The west side of Charlotte is poised for rapid change. It’s home to a renowned HBCU. It has a shiny new transit line. And it’s among the last edges of the center city that isn’t yet flooded by new development.
Some of Charlotte’s reputable designers and architects are envisioning a future in which community members help shape how the area grows, so culture isn’t lost and longtime residents and businesses aren’t priced out. The city’s seen that trend in other close-in neighborhoods, such as NoDa and South End, where new development forced institutions like Phat Burrito and Common Market to close or relocate.
- The Knight Foundation, a national nonprofit with a Charlotte office, has so far invested around $8 million in the West End, from funding planning efforts to awarding grants to local organizations.
Why it matters: The West End is a longstanding Black community with a rich history. Its recently rebuilt high school was a model for integration. It has landmark sites like The Excelsior Club, once a Black nightclub dating back to 1944. Its neighborhoods were or still are home to notable figures, like J. Charles Jones and Dorothy Counts.
- But it’s also vulnerable to displacement as property values increase, newcomers look to settle close to Uptown and deep-pocketed developers take interest in the Gold Line corridor.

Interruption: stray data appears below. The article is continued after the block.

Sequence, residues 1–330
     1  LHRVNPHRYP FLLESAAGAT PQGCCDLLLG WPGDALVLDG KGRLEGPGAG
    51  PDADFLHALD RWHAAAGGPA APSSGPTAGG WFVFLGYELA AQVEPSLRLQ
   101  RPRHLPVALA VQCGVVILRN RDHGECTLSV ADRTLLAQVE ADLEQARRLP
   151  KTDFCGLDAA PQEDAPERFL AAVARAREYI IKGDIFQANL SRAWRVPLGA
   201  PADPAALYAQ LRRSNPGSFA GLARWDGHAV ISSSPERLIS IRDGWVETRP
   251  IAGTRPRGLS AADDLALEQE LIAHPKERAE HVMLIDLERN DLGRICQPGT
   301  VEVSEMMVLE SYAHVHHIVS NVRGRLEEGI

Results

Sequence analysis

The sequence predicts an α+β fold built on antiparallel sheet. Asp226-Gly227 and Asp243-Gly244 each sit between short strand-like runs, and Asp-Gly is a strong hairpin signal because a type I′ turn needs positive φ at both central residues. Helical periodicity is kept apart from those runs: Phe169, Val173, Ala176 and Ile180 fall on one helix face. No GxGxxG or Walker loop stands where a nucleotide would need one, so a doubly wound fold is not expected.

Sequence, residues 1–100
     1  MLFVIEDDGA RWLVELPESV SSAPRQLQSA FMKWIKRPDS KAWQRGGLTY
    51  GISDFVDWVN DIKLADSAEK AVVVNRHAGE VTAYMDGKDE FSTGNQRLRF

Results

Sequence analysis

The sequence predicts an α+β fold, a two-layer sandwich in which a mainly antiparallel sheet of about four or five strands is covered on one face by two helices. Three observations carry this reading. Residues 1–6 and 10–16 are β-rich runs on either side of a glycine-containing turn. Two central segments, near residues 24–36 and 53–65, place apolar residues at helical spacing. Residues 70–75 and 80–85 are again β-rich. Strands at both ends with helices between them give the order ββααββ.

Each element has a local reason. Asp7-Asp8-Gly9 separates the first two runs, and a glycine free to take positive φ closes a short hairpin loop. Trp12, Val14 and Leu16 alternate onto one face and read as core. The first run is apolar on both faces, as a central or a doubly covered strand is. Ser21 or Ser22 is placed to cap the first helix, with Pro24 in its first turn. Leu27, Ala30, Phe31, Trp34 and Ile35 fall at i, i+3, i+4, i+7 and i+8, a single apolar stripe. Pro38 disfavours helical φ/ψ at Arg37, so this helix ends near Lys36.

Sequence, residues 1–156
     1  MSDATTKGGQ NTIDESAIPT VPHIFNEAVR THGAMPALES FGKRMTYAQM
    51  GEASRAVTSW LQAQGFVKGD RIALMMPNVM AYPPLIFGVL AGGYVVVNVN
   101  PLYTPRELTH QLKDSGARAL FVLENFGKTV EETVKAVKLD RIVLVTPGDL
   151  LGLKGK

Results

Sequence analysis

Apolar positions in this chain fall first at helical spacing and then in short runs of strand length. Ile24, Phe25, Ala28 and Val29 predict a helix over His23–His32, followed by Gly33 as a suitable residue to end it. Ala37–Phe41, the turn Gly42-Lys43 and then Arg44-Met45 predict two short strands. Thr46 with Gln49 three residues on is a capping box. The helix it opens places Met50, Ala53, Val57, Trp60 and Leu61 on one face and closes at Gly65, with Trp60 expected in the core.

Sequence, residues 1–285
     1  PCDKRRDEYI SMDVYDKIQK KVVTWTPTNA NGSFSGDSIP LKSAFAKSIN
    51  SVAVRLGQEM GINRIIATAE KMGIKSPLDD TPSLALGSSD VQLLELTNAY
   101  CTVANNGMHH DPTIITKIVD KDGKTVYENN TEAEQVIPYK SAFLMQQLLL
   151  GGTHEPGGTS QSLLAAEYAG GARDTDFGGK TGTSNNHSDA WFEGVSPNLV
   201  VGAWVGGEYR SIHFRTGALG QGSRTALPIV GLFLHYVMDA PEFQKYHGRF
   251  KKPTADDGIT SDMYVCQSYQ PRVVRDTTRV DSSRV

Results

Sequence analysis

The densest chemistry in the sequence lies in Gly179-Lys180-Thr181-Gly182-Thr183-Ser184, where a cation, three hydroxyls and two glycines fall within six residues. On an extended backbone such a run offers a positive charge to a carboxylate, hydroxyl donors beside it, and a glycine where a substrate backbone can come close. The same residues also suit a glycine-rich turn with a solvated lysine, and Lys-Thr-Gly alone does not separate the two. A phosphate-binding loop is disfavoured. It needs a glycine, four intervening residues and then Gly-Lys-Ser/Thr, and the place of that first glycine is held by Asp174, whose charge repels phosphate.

- Already hundreds of apartments are going up in or around Seversville, an area feeling some of the strongest development pressure.
What’s happening: Neighboring Concepts, long-time planners in the neighborhood since the firm’s incubation at Johnson C. Smith University, has partnered with fellow architects at Shook Kelley, the orchestrators of South End’s transformation.
- In 2020, along with Historic West End Partners, the firms started imagining future development along the Gold Line. Black-owned businesses would prosper, and residents would reap the benefits of new amenities and public spaces they’ve long desired. They compiled their ideas into a document called Five Points Forward, with $100,000 in support from the Knight Foundation.
- The vision includes enlivening the intersection of Rozzelles Ferry and Beatties Ford roads with gathering spaces like the Five Points Plaza, public art that reflects the area’s identity and strategic parking designs that encourage people to get out of their cars and walk around.
Meanwhile, community members are buying up property along prominent corridors. A member of the Historic West End Partners board, Erika Troutman hails from College Park, a gentrifying city in Georgia.
- “This reminds me of home,” Troutman says of the West End. “The only difference is we weren’t able to save our community.”